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About This Festival

Sikhism’s most sacred festival falls on the full moon, or Kartik Poornima, which is a lovely sight given that the location is the Golden Temple with a lake surrounding it. Take a look at some of the photos in this listing and you’ll see why this is a photographer’s dream festival. With the Golden Temple lit up, twinkling lights surrounding the lake, a full moon glistening and Sikhs donning turbans and their finest silks, Nanak Jayanti is a festival made for the visually-minded folks of the world.

With this luscious landscape, you’ll hear Sikh devotees singing hymns in praise of the Guru while the various Sikh temples organize Langars, free community meals for anyone who walks in. The idea behind the lunch is that everyone is welcome. So, be prepared to make some friends at this festival. You may see people performing Gatka, a Sikh martial art and there’s a continuous reading of the holy book Guru Granth Sahib beginning 48 hours before the main event. Of course, it wouldn’t be a true Indian festival without a procession of drummers and garlands of flowers with wafting incense.

Who was Guru Nanak?

Born about 550 years ago, Guru Nanak mysteriously disappeared for three days when he was 30. When he reappeared, he began to preach the Sikh faith. While there are some commonalities in practice between Sikhs and Hindus like beliefs in karma and dharma, Guru Nanak’s famous proclamation was, “I am not a Hindu, nor am I a Muslim.” The question you often hear in India from naïve foreigners is, “Are Sikhs Hindus?” A Hindu may say yes, while a Sikh may be more inclined to say no. If you’re a religiously-curious person, this is a good conversation starter but make sure you are completely respectful in how you ask the question and how attentive you are in listening. In a radical departure from Buddhism, Hinduism, and Jainism, Sikhism rejects the concept of ahimsa, harmlessness, and places great emphasis on fighting social injustice. Sikhism is now the world’s fifth largest religion.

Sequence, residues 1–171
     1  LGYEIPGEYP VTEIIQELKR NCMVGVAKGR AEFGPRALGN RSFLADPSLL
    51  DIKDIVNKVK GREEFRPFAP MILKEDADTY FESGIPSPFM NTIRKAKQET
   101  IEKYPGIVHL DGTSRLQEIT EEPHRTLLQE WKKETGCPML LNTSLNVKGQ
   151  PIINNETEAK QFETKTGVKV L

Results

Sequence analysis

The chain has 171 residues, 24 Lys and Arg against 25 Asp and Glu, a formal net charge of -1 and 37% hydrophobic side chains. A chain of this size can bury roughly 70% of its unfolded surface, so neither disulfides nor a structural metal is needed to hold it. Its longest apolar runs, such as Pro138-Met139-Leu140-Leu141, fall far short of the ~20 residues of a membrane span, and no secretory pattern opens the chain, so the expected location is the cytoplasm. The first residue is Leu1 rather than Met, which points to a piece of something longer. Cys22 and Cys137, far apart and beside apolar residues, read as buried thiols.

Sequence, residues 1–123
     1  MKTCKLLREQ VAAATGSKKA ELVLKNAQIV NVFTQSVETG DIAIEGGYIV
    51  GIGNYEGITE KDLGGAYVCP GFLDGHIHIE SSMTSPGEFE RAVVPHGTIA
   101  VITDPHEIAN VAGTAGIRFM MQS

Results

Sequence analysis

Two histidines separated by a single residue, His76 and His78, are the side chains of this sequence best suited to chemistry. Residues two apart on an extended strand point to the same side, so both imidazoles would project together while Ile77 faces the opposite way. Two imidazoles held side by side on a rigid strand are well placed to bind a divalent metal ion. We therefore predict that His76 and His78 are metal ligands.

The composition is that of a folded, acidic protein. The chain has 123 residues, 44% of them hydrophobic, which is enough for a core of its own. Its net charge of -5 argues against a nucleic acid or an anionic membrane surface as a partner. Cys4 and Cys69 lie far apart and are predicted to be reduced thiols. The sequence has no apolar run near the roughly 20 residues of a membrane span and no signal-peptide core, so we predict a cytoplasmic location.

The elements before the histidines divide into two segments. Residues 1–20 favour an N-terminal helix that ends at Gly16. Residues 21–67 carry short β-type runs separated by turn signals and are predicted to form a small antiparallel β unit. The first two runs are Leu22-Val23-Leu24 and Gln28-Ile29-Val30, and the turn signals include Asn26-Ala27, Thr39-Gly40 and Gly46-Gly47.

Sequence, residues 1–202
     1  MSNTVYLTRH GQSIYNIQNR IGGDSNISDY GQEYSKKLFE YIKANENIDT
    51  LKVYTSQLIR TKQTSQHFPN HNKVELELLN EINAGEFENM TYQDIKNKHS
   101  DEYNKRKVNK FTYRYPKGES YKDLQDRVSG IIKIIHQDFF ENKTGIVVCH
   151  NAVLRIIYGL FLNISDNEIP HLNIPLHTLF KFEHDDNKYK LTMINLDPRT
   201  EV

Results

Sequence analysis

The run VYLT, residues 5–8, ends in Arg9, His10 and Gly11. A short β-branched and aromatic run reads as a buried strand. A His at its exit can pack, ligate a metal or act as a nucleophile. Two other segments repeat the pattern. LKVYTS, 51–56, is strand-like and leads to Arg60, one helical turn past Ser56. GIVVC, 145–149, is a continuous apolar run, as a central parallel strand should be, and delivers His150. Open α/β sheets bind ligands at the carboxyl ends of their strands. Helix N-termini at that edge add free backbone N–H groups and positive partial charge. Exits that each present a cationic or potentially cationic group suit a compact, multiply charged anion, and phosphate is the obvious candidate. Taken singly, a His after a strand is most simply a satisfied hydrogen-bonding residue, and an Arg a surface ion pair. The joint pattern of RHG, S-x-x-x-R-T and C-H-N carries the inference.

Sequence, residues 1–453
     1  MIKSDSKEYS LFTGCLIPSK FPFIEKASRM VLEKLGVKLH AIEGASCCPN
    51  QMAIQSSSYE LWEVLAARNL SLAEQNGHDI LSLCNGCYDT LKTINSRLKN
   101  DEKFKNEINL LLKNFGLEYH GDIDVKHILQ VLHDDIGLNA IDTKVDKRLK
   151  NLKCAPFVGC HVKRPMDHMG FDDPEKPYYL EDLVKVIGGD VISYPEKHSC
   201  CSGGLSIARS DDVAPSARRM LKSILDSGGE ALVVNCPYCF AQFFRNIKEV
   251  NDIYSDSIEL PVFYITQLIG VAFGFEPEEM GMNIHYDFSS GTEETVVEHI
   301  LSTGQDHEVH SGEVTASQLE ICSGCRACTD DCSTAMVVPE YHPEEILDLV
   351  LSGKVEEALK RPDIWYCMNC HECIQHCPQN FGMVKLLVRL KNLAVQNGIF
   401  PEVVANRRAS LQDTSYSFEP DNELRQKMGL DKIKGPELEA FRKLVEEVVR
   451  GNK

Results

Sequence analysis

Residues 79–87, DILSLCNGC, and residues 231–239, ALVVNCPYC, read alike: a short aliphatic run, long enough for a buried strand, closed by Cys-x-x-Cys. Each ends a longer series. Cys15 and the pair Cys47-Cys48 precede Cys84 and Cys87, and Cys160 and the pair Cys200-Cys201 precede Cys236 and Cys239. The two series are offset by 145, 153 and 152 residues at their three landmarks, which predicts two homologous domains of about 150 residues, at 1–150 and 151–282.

One of Punjab’s Biggest Festivals

India’s Sikh state, Punjab, prepares for the festival starting three weeks before the honored day with early-morning processions especially noticeable in Amritsar where the beautiful Golden Temple is located. The Temple is the home of the original copy of the Guru Granth Sahib.

The Gudwaras (places of prayer) are decorated with flowers, flags and lights. The day prior to the festival, there is a procession called a Nagarkirtan, with the “five beloved ones” (Panj Pyaras) leading the procession. You’ll see many saffron-colored triangular flags called Nishan Sahib, the religion’s official flag.

On the morning of the anniversary celebration, people get up at 4am and start citing hymns and poems. This time of day is called Amrit Vela. After this, Karah Prasad, a sweet-tasting food, is blessed and served. In the evening, a wonderful fireworks celebration occurs, which is particularly impressive given the full moon. There are prayers recited in the Gudwaras at night with the congregation singing Gurbani at 1:20am, which is the actual time of birth of Guru Nanak. By 2am, with people having been up for 22 hours, everyone falls into bed for a slumber that lasts well into mid-morning.

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